Linux 5.14 is set to bolster security for future enterprise apps – TechCrunch

Linux is set for a big release this Sunday, August 29, paving the way for enterprise and cloud applications for months to come. The 5.14 kernel update will include security and performance improvements.

An area of ​​particular concern for businesses and cloud users is always security and to that end Linux 5.14 will help with several new features. Mike McGrath, vice president, Linux Engineering at Red Hat, told TechCrunch that the kernel update includes a feature known as baseline scheduling, which is intended to help mitigate CPU-level vulnerabilities like Specter and Meltdown, which first surfaced in 2018. What Linux users have had to mitigate these vulnerabilities for is by disabling hyper-threading on processors and thus reducing performance.

“Specifically, the feature allows trusted and untrusted tasks to be split so they don’t share a core, limiting the overall threat surface while keeping cloud-scale performance relatively unchanged,” McGrath explained.

Another area of ​​security innovation in Linux 5.14 is a feature that’s been in development for over a year and a half that will help protect system memory better than before. Attacks against Linux and other operating systems often target memory as the primary attack surface to exploit. Along with the new kernel, there is a feature known as memfd_secret() that will allow an application running on a Linux system to create a memory range inaccessible to anyone, including the kernel.

“This means that cryptographic keys, sensitive data and other secrets can be stored there to limit exposure to other users or system activity,” McGrath said.

At the heart of the open-source Linux operating system that powers much of the cloud and enterprise application delivery is what is known as the Linux kernel. The kernel is the component that provides basic functionality for system operations.

Linux kernel version 5.14 has gone through seven release candidates in the past two months and has contributions from 1,650 different developers. Those who contribute to Linux kernel development include individual contributors, as well as major vendors like Intel, AMD, IBM, Oracle, and Samsung. IBM’s Red Hat business unit is one of the largest contributors to any given version of the Linux kernel. IBM acquired Red Hat for $34 billion in a deal struck in 2019.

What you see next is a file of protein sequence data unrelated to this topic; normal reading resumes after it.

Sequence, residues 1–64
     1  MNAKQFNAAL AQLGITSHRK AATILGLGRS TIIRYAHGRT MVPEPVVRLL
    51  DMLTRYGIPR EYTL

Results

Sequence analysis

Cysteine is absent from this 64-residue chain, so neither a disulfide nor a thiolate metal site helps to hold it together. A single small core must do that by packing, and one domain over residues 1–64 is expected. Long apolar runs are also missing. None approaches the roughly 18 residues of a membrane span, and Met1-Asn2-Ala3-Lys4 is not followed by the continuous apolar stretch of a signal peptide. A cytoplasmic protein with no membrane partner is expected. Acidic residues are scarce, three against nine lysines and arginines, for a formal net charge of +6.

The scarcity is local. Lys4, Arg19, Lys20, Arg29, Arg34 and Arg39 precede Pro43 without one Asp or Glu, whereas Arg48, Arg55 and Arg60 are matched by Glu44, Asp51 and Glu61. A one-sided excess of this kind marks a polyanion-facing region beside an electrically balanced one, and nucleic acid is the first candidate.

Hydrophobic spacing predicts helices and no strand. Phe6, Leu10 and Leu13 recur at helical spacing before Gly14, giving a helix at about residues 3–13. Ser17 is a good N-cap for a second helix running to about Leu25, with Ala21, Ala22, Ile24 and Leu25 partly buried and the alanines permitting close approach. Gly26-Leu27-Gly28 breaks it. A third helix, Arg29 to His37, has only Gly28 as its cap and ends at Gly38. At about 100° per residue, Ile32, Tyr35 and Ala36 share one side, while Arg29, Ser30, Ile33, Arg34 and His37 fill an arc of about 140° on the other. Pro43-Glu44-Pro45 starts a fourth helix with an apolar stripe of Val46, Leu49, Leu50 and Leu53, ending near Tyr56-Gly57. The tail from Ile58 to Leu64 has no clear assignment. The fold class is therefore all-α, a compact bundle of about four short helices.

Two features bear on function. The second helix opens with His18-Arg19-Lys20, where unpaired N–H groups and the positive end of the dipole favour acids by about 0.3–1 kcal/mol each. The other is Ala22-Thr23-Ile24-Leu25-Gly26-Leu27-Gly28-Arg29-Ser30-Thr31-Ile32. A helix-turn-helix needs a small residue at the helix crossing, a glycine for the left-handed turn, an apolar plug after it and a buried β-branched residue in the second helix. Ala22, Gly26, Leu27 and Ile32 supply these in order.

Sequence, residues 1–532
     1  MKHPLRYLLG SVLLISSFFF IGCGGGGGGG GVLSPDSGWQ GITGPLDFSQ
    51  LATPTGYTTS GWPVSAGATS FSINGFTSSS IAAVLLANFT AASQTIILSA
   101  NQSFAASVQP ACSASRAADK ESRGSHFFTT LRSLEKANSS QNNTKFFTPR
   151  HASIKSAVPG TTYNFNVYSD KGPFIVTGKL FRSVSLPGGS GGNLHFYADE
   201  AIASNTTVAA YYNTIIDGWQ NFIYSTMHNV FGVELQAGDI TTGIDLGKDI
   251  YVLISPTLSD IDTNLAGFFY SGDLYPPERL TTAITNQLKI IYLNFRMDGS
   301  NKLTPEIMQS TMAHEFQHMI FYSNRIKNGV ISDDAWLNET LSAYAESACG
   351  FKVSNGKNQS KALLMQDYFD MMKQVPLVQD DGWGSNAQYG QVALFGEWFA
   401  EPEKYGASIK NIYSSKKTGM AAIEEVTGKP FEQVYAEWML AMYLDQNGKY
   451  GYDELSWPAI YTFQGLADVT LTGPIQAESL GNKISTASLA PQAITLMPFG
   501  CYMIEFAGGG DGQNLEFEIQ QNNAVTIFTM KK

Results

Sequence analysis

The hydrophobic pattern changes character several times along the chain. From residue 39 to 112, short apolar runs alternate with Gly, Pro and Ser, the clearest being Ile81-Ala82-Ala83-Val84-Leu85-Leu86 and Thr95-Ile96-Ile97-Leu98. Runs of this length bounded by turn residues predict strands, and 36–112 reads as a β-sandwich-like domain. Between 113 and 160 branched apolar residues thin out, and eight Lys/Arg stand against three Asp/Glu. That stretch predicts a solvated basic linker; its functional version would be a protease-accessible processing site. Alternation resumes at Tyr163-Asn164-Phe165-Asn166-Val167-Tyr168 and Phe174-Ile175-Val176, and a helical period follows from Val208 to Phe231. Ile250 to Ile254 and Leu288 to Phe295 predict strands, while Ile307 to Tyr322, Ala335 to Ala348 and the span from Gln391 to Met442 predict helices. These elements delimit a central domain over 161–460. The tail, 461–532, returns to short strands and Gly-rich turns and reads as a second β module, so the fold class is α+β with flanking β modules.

“As with almost all kernel releases, we see some very innovative features in 5.14,” McGrath said.

Although Linux 5.14 is coming soon, it often takes time for it to be adopted in enterprise versions. McGrath said that Linux 5.14 will first appear in Red Hat’s Fedora Community Linux distribution and will be part of the future release of Red Hat Enterprise Linux 9. Gerald Pfeifer, CTO of enterprise Linux vendor SUSE, said told TechCrunch that his company’s openSUSE Tumbleweed community build will likely include the Linux 5.14 kernel within “days” of the official release. On the enterprise side, he noted that SUSE Linux Enterprise 15 SP4, due next spring, is expected to ship with kernel 5.14.

The new Linux update follows a milestone for the open-source operating system, as 30 years ago last Wednesday, creator Linus Torvalds (pictured above) publicly announced the effort for the first time. During this time, Linux has evolved from a hobbyist effort to powering the infrastructure of the Internet.

McGrath commented that Linux is already the backbone of the modern cloud and Red Hat is also excited about how Linux will be the backbone of edge computing – not just in telecommunications, but broadly across all industries, from manufacturing and healthcare to entertainment and service providers, in the years to come.

The longevity and continued importance of Linux for the next 30 years is assured according to Pfeifer. He noted that over the decades, Linux and open source have opened up unprecedented potential for innovation, associated with openness and independence.

“Will Linux, the kernel, still be the leader in 30 years? I do not know. Will it be relevant? Absolutely,” he said. “Many of the approaches we have created and developed will still be pillars of technological progress 30 years from now. Of that I am sure.